The Malaysian ringgit closed slightly higher at RM3.2455 against the US dollar and RM2.5529 against the Singapore dollar today, and could strengthen further on news from the Federal Open Market Committee (FOMC) meeting today, a currency analyst said today.
The local currency slipped to historic three-year lows of RM3.2934 against the greenback and 15-year-low of RM2.5862 against the Singapore dollar yesterday on fears of capital outflows from bond transactions.
“The ringgit is poised to rebound from a three-year low as the economy’s resilience damps concern rising US Treasury yields will prompt overseas investors to dump the nation’s bonds, trading patterns show,” the analyst told The Malaysian Insider today.
The ringgit has dropped 2.7 percent since June 30 to RM3.2463 per dollar, a loss second only to India’s rupee among 23 other emerging-market currencies.
The decline pushed the ringgit beyond the limits of the Bollinger band, signaling a reversal may be imminent, data compiled by news agency, Bloomberg said today, adding that was the biggest deviation in developing markets.
Stochastic oscillators also showed the ringgit is oversold, analysts said.
The ringgit’s 5.2 percent loss this year would be its worst annual performance since a 35 percent plunge in 1997, during the Asian financial crisis. It closed at RM3.2379 to the US dollar yesterday in Kuala Lumpur, the weakest level since July 2010.
Bloomberg reported today that Morgan Stanley has predicted that Malaysia’s economic growth and current account surplus which is more than twice China’s relative to gross domestic product, will help the ringgit catch up with regional peers.
The central bank can use its US$138 billion war chest to prop up the ringgit, according to Bank of America Merrill Lynch. The GDP is forecast to grow 5 percent this year, after a 5.6 percent gain in 2012, the median estimate in a Bloomberg survey of 21 analysts shows.
Fitch Ratings lowered its outlook for Malaysia’s A- credit rating to negative from stable yesterday, citing worsening prospects for cutting government debt levels. The ringgit could underperform as US$2.9 billion of sovereign notes mature today, raising the prospect of capital outflows, Dariusz Kowalczyk, a Credit Agricole CIB strategist in Hong Kong, wrote in a research note.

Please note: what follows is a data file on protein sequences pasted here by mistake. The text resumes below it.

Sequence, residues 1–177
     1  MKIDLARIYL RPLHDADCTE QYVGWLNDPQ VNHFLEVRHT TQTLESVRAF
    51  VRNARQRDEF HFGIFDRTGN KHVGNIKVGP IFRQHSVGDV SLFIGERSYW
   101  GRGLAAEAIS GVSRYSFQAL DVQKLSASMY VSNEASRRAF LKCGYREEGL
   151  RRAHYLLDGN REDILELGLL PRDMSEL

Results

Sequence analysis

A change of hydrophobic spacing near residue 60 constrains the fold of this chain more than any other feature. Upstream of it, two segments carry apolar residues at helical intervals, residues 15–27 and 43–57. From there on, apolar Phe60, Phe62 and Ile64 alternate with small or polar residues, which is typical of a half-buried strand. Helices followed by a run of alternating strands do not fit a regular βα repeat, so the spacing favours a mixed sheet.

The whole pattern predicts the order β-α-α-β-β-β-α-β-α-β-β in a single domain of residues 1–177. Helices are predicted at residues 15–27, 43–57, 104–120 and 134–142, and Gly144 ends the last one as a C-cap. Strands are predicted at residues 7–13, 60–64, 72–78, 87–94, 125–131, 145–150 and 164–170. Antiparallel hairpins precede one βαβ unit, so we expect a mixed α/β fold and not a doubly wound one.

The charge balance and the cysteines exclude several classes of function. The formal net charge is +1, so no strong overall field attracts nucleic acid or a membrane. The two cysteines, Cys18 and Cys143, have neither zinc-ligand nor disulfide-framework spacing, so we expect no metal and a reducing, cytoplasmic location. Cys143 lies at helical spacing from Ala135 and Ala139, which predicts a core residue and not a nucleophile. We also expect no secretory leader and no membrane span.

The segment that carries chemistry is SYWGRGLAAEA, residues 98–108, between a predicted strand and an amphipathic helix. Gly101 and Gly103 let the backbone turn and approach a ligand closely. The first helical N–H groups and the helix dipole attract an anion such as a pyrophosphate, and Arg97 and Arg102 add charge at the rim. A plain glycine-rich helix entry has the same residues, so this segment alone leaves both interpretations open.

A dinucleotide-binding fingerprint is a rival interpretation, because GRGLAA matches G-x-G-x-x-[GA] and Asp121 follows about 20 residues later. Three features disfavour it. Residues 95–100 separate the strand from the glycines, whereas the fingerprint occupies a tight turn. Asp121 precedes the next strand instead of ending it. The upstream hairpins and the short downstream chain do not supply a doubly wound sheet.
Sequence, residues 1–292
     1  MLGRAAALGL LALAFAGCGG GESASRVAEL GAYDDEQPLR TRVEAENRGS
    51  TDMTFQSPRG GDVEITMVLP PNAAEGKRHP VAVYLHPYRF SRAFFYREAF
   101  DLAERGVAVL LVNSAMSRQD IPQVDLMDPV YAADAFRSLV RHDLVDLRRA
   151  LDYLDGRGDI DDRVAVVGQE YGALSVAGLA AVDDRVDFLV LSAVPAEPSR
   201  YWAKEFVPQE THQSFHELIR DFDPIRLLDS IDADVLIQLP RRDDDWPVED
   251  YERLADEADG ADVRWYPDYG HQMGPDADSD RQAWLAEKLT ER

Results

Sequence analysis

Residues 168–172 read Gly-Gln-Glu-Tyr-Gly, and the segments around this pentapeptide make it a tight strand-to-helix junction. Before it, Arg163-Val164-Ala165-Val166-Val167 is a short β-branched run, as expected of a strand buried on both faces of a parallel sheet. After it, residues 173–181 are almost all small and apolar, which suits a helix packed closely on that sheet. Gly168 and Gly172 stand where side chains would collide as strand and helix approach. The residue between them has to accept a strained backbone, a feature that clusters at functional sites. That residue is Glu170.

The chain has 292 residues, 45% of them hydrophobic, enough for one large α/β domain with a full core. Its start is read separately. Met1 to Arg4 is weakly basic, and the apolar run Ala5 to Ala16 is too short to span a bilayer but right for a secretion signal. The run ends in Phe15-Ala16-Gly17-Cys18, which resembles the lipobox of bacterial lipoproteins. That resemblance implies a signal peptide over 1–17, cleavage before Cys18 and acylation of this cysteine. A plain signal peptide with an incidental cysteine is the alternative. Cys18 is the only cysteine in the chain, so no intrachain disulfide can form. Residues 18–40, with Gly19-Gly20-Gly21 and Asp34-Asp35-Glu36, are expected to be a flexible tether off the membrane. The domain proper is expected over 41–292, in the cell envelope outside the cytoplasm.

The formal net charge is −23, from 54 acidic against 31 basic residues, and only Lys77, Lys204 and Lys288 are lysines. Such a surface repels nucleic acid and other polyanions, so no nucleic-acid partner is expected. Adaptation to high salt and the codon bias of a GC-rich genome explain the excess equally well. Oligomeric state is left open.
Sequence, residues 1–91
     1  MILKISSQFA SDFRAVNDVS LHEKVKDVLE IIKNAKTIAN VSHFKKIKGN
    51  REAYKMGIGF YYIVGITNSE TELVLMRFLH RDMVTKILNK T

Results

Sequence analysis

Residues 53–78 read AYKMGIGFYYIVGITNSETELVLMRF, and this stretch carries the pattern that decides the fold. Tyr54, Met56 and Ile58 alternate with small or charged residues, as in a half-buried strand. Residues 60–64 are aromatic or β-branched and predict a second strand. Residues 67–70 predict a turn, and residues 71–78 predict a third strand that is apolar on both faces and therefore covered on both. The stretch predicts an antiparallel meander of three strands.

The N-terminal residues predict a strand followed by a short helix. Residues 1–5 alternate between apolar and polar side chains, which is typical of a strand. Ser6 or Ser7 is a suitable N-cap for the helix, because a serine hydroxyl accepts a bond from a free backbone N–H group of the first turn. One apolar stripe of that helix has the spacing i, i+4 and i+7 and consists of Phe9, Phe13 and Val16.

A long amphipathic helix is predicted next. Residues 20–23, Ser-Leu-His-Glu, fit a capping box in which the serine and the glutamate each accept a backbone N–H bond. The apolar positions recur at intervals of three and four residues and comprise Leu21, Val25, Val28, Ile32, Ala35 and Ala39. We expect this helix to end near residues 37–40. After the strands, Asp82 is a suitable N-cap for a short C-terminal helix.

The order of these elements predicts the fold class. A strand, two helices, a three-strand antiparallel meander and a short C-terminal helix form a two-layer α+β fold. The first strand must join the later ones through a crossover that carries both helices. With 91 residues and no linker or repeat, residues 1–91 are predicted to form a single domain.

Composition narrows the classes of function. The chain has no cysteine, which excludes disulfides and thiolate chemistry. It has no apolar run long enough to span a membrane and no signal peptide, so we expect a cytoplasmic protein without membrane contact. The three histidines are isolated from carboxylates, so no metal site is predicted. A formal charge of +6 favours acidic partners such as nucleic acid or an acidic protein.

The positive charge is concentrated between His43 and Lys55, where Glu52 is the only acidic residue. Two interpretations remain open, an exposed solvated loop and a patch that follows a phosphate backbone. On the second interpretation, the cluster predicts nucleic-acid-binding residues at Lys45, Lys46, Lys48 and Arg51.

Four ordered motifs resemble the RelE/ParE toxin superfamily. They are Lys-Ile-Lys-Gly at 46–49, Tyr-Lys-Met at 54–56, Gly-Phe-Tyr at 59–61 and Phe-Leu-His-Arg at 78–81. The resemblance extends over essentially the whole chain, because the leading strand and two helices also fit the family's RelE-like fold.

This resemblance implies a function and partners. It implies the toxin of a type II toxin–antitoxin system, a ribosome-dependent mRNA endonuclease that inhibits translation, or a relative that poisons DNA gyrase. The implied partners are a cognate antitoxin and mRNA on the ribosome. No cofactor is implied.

The currency slid this month on concern global investors, who owned 33 percent of Malaysian government bonds in May, the highest proportion in Southeast Asia, will pull funds out as the U.S. outlines plans to rein in monetary stimulus. The Federal Reserve will conclude a two-day policy meeting today in Washington that may shed light on the timing of such a move.
BNP Paribas SA predicts rising debt levels will trigger a bond and currency sell off as Prime Minister Datuk Seri Najib Razak presses ahead with a 10-year US$444 billion spending program aimed at lifting the nation to developed status by 2020.
The slowdown in China ,Malaysia’s second-biggest export market, is also weighing on the country’s assets, according to the Paris-based lender.
Malaysia’s debt-to-GDP ratio of 53.5 percent is higher than the 25 percent in Indonesia, 51 percent in the Phillipines and 43 percent in Thailand, data compiled by Bloomberg showed. It is also approaching the government’s 55 percent.
“With China slowing and Fed tapering expected to impact inflows negatively, this will amplify worries over debt sustainability,” Singapore-based BNP analysts Yii Hui Wong and Mirza Baig wrote in a July 29 research note. They cut their year-end forecast for the ringgit to RM3.25 per dollar from RM3.15.
While Malaysia’s current-account surplus will narrow to 6 percent of GDP this year, from 6.1 percent in 2012 and 12 percent in 2011, it is higher than the average 2.8 percent in Asian countries and 2.4 percent for China, Bloomberg surveys show.
Malaysia’s “fundamentals of a current-account surplus and sustained growth should warrant a correction in the recent weakness in the ringgit,” according to a July 25 report from Morgan Stanley analysts.
Bank of America strategists including Christy Tan recommended their clients use options to buy the ringgit, saying the central bank will sell foreign reserves to shore up the currency should the decline worsen.
“We believe that Bank Negara Malaysia is well prepared to defend against a ringgit selloff event,” Tan wrote in a note to clients on July 22.
“In the event of a return in appetite for regional bonds, the ringgit is well positioned to outperform in the region,” Bloomberg reported today. - July 31, 2013.